Returning thanks for Wendell Berry...
On and off for the past 10 years I have been paying more and more attention to Wendell Berry - one of the true American saints and prophets - and of late I've been in a total Berry groove. Daughter number two turned me on to his insights over the years - she continues to be my inspiration in matters integrating spirituality, care for the earth and politics - so I eventually found my way to his poetry.
It seems that this is where my heart first becomes engaged - in poetry, art or music - and if the art ring true here, then I let it lead me into a more careful and studied listening. Berry's "sabbath poems," for example, speak to me on many levels. A Timbered Choir spans 20 years, but reflects his 40 year habit of walking the land every Sunday and listening for the wisdom of the Lord in the earth. The first poem in the book from 1979 reads:
I go among the trees and sit still.
All my stirring becomes quiet
around me like circles of water.
My tasks lie in their places
where I left them, asleep, like cattle.
Then what is afraid of me comes
and lives a while in my sight.
What it fears in me leaves me,
and the fear of me leaves it.
It sings, and I hear its song.
Then what I am afraid of comes.
I live for a while in its sight.
What I fear in it leaves it,
and the fear of it leaves me.
It sings, and I hear its song.
After days of labor,
mute in my consternations,
I hear my song at last,
and I sing it. As we sing,
the day turns, the trees move.
Oh does this speak to my soul! It resonates with slowing down. It encourages being tender and vulnerable. And it affirms my spiritual hope that trusting in the Lord brings both rest and a renewal of strength. Another poem, from 15 years later, puts it like this:
No, no, there is no going back.
Less and less you are
that possibility you were.
More and more you have become
those lives and deaths
that have belonged to you.
You h ave become a sort of grave
containing much that was
and is no more in time, beloved
then, now and always.
And so you have become a sort of tree
standing over a grave.
Now more than ever you can be
generous toward each day
that comes, young, to disappear
forever, and yet remain
unaging in the mind.
Every day you have less reason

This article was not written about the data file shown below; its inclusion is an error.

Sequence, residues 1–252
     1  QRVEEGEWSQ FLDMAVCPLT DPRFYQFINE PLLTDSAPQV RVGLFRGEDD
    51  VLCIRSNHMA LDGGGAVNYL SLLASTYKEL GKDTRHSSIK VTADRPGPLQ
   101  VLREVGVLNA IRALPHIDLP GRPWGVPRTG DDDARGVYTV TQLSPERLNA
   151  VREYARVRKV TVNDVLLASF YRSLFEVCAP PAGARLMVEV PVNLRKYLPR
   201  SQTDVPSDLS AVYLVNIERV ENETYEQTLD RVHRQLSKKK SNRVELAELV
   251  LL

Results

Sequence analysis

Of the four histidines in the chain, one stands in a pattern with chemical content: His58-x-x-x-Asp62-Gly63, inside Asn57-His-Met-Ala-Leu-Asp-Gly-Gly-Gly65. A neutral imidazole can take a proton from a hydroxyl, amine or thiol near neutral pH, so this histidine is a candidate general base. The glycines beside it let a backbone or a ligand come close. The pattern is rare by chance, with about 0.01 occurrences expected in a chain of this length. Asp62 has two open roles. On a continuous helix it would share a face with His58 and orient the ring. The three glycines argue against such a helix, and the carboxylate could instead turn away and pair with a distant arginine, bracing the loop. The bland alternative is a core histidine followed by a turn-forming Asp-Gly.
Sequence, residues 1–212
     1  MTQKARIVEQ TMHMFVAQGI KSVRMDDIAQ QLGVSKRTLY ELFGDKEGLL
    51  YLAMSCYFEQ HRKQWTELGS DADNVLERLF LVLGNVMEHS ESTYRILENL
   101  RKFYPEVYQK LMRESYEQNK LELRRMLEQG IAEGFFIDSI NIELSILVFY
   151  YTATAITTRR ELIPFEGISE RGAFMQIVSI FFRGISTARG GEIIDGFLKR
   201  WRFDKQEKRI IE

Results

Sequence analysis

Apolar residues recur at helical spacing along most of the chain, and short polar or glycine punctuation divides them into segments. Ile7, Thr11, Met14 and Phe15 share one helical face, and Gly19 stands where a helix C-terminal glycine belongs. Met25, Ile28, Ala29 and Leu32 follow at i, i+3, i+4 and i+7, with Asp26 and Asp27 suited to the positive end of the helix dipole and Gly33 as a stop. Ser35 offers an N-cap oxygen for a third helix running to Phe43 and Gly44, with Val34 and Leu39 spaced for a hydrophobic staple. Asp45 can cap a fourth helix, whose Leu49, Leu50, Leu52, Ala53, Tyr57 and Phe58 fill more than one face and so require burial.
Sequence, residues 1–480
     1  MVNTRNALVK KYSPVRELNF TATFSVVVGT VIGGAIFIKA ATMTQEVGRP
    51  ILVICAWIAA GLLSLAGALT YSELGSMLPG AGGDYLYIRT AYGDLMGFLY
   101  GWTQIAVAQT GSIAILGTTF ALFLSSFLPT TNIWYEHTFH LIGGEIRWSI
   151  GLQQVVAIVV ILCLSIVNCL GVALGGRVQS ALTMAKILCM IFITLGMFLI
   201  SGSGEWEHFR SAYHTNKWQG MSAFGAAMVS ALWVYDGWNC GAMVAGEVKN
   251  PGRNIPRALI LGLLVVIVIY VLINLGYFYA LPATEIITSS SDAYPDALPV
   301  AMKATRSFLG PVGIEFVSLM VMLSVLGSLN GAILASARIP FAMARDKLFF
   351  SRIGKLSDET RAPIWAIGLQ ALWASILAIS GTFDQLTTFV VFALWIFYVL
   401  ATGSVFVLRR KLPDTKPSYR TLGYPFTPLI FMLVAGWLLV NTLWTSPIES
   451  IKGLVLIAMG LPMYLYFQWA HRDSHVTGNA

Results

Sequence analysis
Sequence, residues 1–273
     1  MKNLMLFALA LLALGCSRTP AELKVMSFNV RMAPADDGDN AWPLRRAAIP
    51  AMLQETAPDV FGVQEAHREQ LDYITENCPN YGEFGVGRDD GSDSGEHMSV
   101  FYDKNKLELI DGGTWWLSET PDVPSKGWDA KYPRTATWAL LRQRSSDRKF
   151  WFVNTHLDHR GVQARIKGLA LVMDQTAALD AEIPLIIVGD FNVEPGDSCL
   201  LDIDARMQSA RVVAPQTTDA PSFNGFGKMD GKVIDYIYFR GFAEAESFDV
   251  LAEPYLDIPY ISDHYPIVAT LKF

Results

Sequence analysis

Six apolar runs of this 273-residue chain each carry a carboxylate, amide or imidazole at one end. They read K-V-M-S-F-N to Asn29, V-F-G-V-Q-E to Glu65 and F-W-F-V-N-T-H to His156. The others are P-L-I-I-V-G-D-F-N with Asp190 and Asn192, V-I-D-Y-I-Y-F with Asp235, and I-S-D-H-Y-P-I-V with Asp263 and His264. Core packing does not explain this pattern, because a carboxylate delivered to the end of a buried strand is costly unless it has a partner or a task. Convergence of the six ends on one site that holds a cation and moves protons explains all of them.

not to give yourself away.
Perfect, yes? "Every day you have less reason NOT to give yourself away." A few weeks ago the current copy of DISSENT found it's way into my life as well as Berry's new book, What Matters? And because it is true that when the student is ready the Buddha will appear, I am loving his reflections. When asked, "Are you a socialist?" he replies:
From what I've read and heard, socialism and communism have been just as committed to industrial principles as capitalism. My own inclination is not to start with a political idea or theory and think downward to the eland and the people, but instead to start with the land and the people, the necessity for harmony between local ecosystems and local economies and think upward to conserving policies... (You see) you have to prefer to have a neighbor (in my worldview) than just owning your neighbors farm.
Later, in his collection of essays, he adds: "Our system of education until now has had only one major: Upward Mobility. Now... a second major needs to be added, and the name of that major will be Homecoming." It would seem that Berry advocates helping us reclaim a sense of being connected with the land, with our souls, with our neighbors, with time and with God's grace.
Today I celebrated Eucharist with a small group of friends who listened for God's word in Psalm 147 - especially this verse: Our Lord is great, with limitless strength; we'll never comprehend what he knows and does. It was a quiet celebration - resting in God's grace rather than our wisdom - a time to honor the love and trust. Later I shared a conversation with others in our church who are trying to help their families grow into to a rhythm of sacred reverence in their lives. And closed the day helping a young friend test out a new guitar.
Berry is right: deep does not speak to deep without a homecoming. I grateful this night that the Lord has called us to this place" "The whole earth is at rest, and is quiet: they break forth into singing." (Isaiah 14:7)